World Health Media Analysis

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The World Health Organisation (WHO, 1948) defines health as “a state of complete physical, mental and social well-being and not merely the absence of disease or infirmity” (p.100). WHO (n.d) advances that many factors combine together to affect the health of individuals and communities – where people live, the state of the environment, genetics, income and education levels, and relationships with friends and family. Factors such as access and use of health care services often have less of an impact.
On the other hand, the concept of development has had many definitions over the years. Initially, development was viewed mostly as an economic issue, especially in the 1950s and 1960s. Economists took over development discussions for the most part
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The media are an important tool for development, when used to disseminate information about health and other kinds of development issues. The media play important roles in the political, economic and social fabric of society. There is evidence as well that the media can contribute to fixing health problems worldwide, whether they are personal health issues or policy-related issues. Even when individuals miss out on news stories, the media is still thought to have a greater effect on health policy through the response of policy-makers to health news, who can make provisions for better health services to people who never even saw or read the story (Walsh-Chiders, 1990). Smethurst (2014), states that media and communication contribute to the enhancement of health by increasing knowledge, changing attitudes and customs, raising confidence and action, and enabling and increasing discussion, which can support healthier practices and transparency around health services and…show more content…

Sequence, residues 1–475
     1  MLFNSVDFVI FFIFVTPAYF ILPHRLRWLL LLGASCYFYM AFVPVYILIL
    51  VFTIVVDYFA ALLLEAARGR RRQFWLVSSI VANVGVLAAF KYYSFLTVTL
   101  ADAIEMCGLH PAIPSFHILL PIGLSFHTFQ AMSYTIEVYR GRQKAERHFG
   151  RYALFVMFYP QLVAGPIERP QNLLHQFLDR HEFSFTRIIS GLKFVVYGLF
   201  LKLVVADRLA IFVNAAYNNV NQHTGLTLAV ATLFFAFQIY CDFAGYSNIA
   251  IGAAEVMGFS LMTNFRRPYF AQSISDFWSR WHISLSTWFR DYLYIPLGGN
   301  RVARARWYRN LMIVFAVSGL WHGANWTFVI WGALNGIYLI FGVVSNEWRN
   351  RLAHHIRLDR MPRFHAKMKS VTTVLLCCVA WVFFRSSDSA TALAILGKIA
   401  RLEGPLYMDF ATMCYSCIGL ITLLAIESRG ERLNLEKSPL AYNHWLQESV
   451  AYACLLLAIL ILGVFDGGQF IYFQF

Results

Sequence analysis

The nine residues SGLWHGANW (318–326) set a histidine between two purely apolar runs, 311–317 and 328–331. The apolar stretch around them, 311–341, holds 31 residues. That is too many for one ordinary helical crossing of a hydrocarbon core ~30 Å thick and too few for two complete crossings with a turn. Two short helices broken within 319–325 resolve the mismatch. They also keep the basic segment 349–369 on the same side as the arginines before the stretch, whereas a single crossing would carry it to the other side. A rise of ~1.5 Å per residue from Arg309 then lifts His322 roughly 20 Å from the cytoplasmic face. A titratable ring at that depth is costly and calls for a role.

Reviewed specifically below are four studies – three of them were interested in the framing of health news while one especially evaluated problems in health reporting in Africa.
The social construction of HIV/AIDS in African media came under investigation by Hughes and Malila (1999). The assertion fueling the research was that despite years of mass media campaigns to change behaviors and attitudes, little proof existed of the success of these campaigns in changing behaviors and attitudes towards the disease. Using framing analysis, the study classified cultural themes used by African media to characterize HIV/AIDS. The researchers found that while reporting on HIV/AIDS, the media assumed too much in terms of the rationality and awareness of their audience with regards understanding what was at stake, expecting them to make healthy behavior choices, based on rational judgments. The recommendation from the study was that the media need to consider the reasoning of target groups, understand their needs and interests in order to provide alterative education to turn knowledge into

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